2. Information Risk Management (30%)
  3. Information Security Program Development and Management (27%)
  4. Information Security Incident Management (19%)
According to a 2020 salary study by Forbes, CISM was 3rd place overall with an impressive annual salary of £110,000 ($148,622 USD), which was the highest dedicated security certification listed by the study.

2. PWK OSCP by Offensive Security

As an online ethical hacking course, it is self-paced and introduces penetration testing tools and techniques through hands-on experiences. PEN-200 trains not only the skills but also the mindset required to be a successful penetration tester. Students who complete the course and pass the exam earn the Offensive Security Certified Professional (OSCP) certification.

The course was ranked highly in the survey results.  Cybersecurity professionals said the course provided strong relevance to the ‘real world’, ranking the OSCP qualification in second place in terms of how much it was ‘in-demand’ by employers.

1. Certified Information Security Professional (CISSP) by ISC2
The ISC2 Certified Information Systems Security Professional (CISSP) remains the security certification in the greatest demand within the security industry. A whopping 72% of those surveyed said the CISSP certification was in the most in-demand by employers.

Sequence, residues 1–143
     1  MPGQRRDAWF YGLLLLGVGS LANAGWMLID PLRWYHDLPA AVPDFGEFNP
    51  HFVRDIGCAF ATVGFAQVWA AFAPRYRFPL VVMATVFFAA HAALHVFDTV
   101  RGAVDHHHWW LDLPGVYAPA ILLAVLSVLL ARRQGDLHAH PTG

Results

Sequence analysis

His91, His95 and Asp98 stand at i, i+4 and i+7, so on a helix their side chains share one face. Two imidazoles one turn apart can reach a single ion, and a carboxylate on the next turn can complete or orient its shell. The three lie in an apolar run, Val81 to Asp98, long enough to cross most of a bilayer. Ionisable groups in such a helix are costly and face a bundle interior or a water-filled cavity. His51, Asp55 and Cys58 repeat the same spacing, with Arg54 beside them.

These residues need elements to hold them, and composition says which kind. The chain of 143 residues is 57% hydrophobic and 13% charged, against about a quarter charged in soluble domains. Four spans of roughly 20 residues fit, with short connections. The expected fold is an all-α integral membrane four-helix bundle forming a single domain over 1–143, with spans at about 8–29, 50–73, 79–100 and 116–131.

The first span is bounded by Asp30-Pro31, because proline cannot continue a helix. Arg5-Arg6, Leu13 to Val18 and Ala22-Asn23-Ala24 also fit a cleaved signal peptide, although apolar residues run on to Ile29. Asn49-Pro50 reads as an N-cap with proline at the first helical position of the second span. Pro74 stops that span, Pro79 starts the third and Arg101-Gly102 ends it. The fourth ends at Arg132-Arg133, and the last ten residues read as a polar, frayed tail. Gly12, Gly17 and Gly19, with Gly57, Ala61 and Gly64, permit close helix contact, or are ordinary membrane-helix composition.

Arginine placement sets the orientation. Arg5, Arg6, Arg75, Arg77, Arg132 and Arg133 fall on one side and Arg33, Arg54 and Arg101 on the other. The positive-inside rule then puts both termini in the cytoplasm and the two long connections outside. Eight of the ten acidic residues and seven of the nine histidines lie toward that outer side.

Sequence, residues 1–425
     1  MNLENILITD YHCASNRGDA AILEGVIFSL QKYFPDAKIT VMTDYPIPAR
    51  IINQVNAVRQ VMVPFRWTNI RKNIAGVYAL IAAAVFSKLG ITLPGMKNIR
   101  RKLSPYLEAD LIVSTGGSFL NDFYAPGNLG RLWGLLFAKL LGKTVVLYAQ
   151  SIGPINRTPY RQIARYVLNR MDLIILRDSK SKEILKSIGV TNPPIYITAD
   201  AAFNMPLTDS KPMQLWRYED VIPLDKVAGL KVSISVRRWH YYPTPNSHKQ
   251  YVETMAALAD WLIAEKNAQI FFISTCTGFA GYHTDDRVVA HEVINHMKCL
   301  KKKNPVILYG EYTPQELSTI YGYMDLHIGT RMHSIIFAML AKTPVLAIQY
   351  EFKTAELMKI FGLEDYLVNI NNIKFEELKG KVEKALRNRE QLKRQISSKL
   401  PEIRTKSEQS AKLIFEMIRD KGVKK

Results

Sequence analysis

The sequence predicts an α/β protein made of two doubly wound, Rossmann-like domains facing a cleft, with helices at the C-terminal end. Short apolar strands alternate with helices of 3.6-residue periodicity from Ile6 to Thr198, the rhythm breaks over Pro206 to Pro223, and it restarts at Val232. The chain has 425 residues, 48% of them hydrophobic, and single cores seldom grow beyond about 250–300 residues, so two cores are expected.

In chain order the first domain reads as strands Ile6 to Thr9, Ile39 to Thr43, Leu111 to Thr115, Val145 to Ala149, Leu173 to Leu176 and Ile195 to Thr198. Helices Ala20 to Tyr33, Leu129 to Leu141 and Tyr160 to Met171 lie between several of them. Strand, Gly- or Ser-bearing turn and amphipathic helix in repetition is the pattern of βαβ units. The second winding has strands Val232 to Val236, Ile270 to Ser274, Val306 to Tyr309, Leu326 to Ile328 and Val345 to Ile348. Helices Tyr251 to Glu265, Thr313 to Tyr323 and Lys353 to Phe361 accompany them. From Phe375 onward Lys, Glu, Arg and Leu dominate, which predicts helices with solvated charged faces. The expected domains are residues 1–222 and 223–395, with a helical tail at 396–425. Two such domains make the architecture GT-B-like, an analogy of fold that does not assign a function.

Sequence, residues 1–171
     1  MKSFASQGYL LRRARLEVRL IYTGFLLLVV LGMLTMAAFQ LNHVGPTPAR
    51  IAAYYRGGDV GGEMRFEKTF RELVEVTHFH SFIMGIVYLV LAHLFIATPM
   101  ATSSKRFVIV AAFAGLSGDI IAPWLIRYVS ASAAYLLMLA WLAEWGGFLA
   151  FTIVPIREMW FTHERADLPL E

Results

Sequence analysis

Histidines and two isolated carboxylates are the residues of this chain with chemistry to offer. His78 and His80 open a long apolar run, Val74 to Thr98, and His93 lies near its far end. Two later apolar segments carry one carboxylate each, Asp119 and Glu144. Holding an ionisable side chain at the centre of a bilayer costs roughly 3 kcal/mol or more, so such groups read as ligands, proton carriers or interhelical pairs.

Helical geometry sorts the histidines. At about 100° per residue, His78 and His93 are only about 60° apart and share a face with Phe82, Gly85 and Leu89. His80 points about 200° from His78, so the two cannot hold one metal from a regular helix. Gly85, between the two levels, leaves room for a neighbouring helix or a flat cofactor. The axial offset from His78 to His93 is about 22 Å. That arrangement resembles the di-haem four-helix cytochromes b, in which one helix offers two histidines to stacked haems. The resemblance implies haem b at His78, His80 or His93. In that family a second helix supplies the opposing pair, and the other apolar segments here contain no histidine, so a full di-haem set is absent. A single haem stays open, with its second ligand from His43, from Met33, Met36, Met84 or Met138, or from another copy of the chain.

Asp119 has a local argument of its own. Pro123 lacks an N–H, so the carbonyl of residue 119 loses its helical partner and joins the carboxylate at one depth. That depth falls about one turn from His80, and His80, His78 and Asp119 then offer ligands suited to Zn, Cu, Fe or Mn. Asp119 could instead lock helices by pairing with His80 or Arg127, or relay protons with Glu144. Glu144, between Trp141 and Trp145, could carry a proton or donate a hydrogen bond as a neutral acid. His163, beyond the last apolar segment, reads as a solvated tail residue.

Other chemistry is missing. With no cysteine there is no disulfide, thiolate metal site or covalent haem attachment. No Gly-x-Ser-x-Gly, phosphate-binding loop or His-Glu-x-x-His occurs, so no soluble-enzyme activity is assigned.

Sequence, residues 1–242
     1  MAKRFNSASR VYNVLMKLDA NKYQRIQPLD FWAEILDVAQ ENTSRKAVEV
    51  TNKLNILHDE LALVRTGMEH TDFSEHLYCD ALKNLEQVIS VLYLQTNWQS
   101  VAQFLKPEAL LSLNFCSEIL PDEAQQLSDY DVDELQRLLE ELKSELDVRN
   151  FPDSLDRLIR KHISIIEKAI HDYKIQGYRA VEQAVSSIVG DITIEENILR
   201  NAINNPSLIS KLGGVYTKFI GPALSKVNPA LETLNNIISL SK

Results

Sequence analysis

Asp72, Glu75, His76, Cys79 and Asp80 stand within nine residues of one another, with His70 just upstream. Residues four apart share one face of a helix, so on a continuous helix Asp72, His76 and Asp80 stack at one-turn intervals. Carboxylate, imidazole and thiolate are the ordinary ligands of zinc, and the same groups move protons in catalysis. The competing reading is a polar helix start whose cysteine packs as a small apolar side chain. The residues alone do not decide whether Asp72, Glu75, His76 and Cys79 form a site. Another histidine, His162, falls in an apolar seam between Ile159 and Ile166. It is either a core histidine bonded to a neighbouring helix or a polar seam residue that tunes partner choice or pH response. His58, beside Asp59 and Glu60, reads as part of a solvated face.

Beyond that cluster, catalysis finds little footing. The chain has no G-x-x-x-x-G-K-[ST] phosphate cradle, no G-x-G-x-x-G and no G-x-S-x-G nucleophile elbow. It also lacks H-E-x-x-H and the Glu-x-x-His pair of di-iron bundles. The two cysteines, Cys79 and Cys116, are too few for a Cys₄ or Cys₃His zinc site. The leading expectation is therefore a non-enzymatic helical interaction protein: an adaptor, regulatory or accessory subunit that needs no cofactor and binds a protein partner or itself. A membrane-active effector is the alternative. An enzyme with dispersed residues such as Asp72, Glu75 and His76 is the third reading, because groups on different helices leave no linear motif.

CISSP is a longstanding and globally well-respected information security professional certification. Like the CISM, the CISSP is not aimed at beginners. The certification requires 5 years of information security in role experience, or 4 years if you hold a cyber / information security-related degree. 

The CISSP three-hour exam of 100 to 150 questions has proven notoriously difficult to pass for some because the CISSP course covers a very broad spectrum of information security disciplines, which are split across eight domains.  

The CISSP 8 domains are:
  1. Security and Risk Management (15%)
  2. Asset Security (10%)
  3. Security Architecture and Engineering (13%)
  4. Communication and Network Security (13%)
  5. Identity and Access Management (IAM) (13%)
  6. Security Assessment and Testing (12%)
  7. Security Operations (13%)
  8. Software Development Security (11%)